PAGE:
• Did he mention he used to walk around with an onion on his belt? A brown onion mind you because….

    • First experience with Steam was attempting to authenticate HL2 on Christmas Day 2004. Internet connection was fine, but the servers were not having a bar of it. I have, however, since forgiven it.

    • Really never used it since to play games? At all? What about Portal 1/2 and other Steamworks games? Do you just pass on them, or do the install and then promptly take Steam back offline or something? Do you still not use it because of the difficulties you experienced that day, or are you more of console gamer so it doesn’t really effect you? Do you use other DRM free digital retailers like GOG, or are you more of a boxed copy kind of person?

      edit: Sorry lots of questions. It’s just that Steam feels so central to PC gaming to me these days.

      • Boxed copies and console gaming have seen me through thus far. But I’ve made a conscious decision to avoid Steam for no logical reason other than past hurts πŸ˜›

      • I’d rather own the physical copy. That way I can carry it around and push it up against my screen at 12:01 every day when the Haitaku post goes live.

      • But the middle was sad too! Also I guess the start as well, because I never actually got to play HL2. πŸ˜›

        • Yeahbut… but I liked it because it sounded exactly like my story which has a happy ending, up until the point that you ruined it. Why’d you have to flip the script like that, whacky writer person? Now I have to flip tables!

          (β•―Β°β–‘Β°οΌ‰β•―οΈ΅ ┻━┻

  • I hated steam so much at first, until i noticed the sales. Now I have hundreds of games on there. I’ve only played about half and a quarter of those unplayed I have no intention of playing, they just came with other games I wanted.

    all in all me and steam had a rocky start but now it is a relationship that will no doubt last til one of us dies.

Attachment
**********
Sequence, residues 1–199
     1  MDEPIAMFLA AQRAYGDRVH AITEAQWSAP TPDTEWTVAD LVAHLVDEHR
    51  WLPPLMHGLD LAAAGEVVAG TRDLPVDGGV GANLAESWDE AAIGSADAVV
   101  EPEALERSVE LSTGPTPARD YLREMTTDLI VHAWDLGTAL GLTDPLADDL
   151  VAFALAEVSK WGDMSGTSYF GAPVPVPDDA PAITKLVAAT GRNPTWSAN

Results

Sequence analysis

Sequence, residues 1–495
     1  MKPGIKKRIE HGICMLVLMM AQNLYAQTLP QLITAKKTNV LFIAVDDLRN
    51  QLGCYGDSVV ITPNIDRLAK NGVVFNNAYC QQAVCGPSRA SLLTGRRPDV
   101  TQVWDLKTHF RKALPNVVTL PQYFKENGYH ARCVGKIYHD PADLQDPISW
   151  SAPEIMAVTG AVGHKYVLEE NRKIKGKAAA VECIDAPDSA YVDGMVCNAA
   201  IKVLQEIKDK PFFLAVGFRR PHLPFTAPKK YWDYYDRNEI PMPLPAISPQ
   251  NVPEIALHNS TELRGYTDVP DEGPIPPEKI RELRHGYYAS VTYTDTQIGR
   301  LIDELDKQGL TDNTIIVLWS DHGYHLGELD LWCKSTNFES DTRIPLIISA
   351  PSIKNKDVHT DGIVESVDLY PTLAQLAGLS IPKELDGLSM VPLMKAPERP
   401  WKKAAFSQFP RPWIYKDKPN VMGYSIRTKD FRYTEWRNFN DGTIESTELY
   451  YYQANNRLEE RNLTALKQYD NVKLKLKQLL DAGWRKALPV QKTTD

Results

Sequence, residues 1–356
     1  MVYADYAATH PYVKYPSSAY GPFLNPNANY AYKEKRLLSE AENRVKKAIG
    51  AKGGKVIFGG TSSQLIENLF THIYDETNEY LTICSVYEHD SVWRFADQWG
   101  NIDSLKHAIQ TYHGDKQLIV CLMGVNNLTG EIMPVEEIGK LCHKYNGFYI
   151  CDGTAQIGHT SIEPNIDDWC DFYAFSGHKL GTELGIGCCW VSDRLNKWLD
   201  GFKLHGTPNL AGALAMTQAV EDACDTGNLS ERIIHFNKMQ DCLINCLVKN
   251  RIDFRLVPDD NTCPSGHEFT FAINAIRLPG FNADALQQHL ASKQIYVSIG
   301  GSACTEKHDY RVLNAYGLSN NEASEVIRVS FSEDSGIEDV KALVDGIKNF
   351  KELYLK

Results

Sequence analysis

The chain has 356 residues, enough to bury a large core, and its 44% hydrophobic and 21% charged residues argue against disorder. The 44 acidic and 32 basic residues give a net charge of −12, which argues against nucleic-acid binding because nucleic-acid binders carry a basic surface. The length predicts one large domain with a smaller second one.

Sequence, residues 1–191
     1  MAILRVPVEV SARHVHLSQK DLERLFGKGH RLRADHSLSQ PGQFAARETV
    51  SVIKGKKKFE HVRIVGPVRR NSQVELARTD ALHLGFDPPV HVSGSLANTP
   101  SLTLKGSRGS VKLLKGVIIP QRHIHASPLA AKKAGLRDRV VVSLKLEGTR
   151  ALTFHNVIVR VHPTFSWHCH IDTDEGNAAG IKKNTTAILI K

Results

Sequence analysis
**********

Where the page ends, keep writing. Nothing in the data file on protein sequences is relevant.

also do we all still hate origin??
    Origin seems to hate me and wont let me start it. I like to think it knows im in a committed retail relationship and does not want to get in the way.

  • Why yes, I do remember yesterday πŸ˜›

    In 2004, the idea that a singleplayer experience had to be β€œunlocked” remotely, even though you held the discs in your hand, was seen by many as an unnecessary intrusion, a roadblock to their enjoyment of a game.
    I still see it that way in 2013. Old man me.

  • I remember being really annoyed when getting home with my boxed copy of HL2, only to find out I couldn’t play it due to our lack of Internet. Ended up asking our neighbour who was moving out at the time to bring the family computer over and hook up to his dialup connection. Found out that the computer actually had its own modem, so after I activated HL I krpt his dialup detaiks stored and snuck online at home a few times later. When my parents found out (and after explaining how little I used so I wouldn’t have a vengeful neighbour) we got our own connection.

    So I guess thanks Valve.

    • When my parents found out (and after explaining how little I used so I wouldn’t have a vengeful neighbour

      Sure, sure! πŸ˜›

      • I once borrowed my boss’ login and unbeknownst to me I racked up a $350 bill. Which I readily paid off because he didn’t tell me that he got the el’ cheapo plan with per MB cost. >:-(

        • I remember using the schools dialup account. They had the login details written on a sticky note stuck to the side of the library computer’s screen!

          Gawd, dialup internet, back when pictures loaded slowly from the top, and it took longer to download a song than to listen to it. To think we still use the same old copper wires to access the internet now… and will continue to for the foreseeable future!

          • Wow, I remember those days. When you would share ‘images’ with friends on floppy disks. All of about 15 images.

            My monitor could only support 256 colors, but with the magic of dithering it looked almost like 16 bit!

            And what about Freenet? I’m sure everyone must have used Freenet at one point or another. πŸ˜€

          • Didn’t use Freenet……. but I did use FidoNet, which was effectively Freenet with BBS technology….. I’d say I feel “old”, but then people older than me feel even worse :p

          • Just reminded me of the network infrastructure of my secondary school. They ran winNT on all of the workstations, but with basically no security on the backend. To mount each user’s “private” directory, they just had a batch file run at startup which took an argument from the students login name. Didn’t take us long to figure out we could map any persons drive we wanted simply by knowing their username, which was simply their surname followed by their first initial. Rocket science I know….. What’s amazing is this wasn’t just students…. the teachers were in the same directory space!